Editorials

We praise the county Planning Commission for approving Templeton psychiatric hospital

Location of the proposed mental health facility across the street from Twin Cities Community Hospital in Templeton.
Location of the proposed mental health facility across the street from Twin Cities Community Hospital in Templeton. dmiddlecamp@thetribunenews.com

Three cheers and a big bouquet for the San Luis Obispo County Planning Commission, for unanimously approving a 91-bed private psychiatric hospital proposed for Templeton.

Approval came despite strong opposition from many Templeton residents who worry the hospital is too big for their rural community. Some also fear patients will leave the facility and wander through the community, posing a danger to residents.

Commissioners, though, weren’t swayed by those arguments.

“These facilities are very important to those who need them,” Commissioner Jim Harrison said. “I support this the way it is.”

The Planning Commission decision will likely be appealed to the county Board of Supervisors, where it could be overturned. But let’s worry about that tomorrow. For today, let’s just say we’re proud to live in a county where decision-makers have the courage to recognize the right thing, and vote accordingly.

No danger of nodding off while reading report on South County Sanitation District

We’re used to wading through official documents so laden with bureaucratic jargon that we have to read with a highlighter in one hand and a venti coffee in the other, just to stay awake.

The report by Knudson and Associates — the Thousand Oaks firm that conducted an investigation into John Wallace’s controversial leadership of the South County Sanitation District — is such a refreshing change of pace that we’re inspired to offer its authors a bouquet of gratitude.

Among other damaging conclusions, the report found Wallace used his position as district administrator to solicit work for his private firm, the Wallace Group. That amounts to “potential malfeasance in office,” the authors wrote.

What we found most telling, though, was this section:

“In evaluating the past management practices, the question to be answered is; Is the District better off today after 27 years under the administration of John Wallace? The fact is that the WWTP (wastewater treatment plant) is 27 years older but … critical issues still remain …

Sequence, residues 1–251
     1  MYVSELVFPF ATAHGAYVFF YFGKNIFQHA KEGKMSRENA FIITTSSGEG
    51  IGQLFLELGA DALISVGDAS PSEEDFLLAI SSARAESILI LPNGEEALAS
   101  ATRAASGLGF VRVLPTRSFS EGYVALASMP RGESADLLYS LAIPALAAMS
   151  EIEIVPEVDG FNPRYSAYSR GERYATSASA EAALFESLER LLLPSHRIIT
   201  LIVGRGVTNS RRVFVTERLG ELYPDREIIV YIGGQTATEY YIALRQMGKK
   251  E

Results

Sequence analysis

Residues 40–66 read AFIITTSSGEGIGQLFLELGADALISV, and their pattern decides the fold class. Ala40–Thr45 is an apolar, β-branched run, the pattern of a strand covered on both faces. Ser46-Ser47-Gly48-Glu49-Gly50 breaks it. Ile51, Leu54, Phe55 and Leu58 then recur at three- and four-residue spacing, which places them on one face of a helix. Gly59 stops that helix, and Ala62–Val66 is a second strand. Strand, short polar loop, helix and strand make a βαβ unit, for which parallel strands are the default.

“The other question is; Did the Board of Directors manage the District Administrator? Did complacency or personal relations set in even though there were warning signs of increasing payments to the Wallace Group, decreasing reserves, increasing personnel issues with plant employees, and increasing plant violations?”

No danger of nodding off on that prose. Heck, we’ll even throw in a few roses for creative punctuation!

As reported by Tribune writer Kaytlyn Leslie, the sanitation district’s current Board of Directors has forwarded the report to the district attorney, the state attorney general and the FBI.

Wallace told Leslie that he wants to review the Knudson report before responding.

Fair enough. No brickbats for now, but we’ll be building our stockpile while this story develops. Even if there was no “malfeasance in office,” there were irregularities that went on far too long.

Homeless Services council leads the way with crisis vote

We toss a good Samaritan bouquet to the Homeless Services Oversight Council for its vote urging local governments to declare a shelter crisis. The declaration makes it easier for public agencies to open government buildings for use as overnight shelters.

As HSOC member John Ashbaugh pointed out, emergency shelters — often referred to as warming centers — can save homeless people from dying of exposure during harsh weather.

With that in mind, we look to local city councils and the county Board of Supervisors to follow through not only with crisis declarations, but also with assessments of what additional services are needed and how they can be delivered.

Given what’s been happening in local communities — such as Morro Bay and Grover Beach, where large homeless encampments have been or are about to be cleared out — we hope the conversation moves beyond warming centers to other options.

For example, cities such as San Jose are exploring the possibility of setting aside land for legal encampments. That makes sense, especially for those who are reluctant to go to homeless shelters or warming centers because they can’t bring pets or belongings, or because they don’t meet the shelter’s criteria.

An idea for local officials: How about compiling an inventory of campgrounds in local communities that can offer safe shelter from winter storms, free of charge, for those sleeping in tents, campers or cars?

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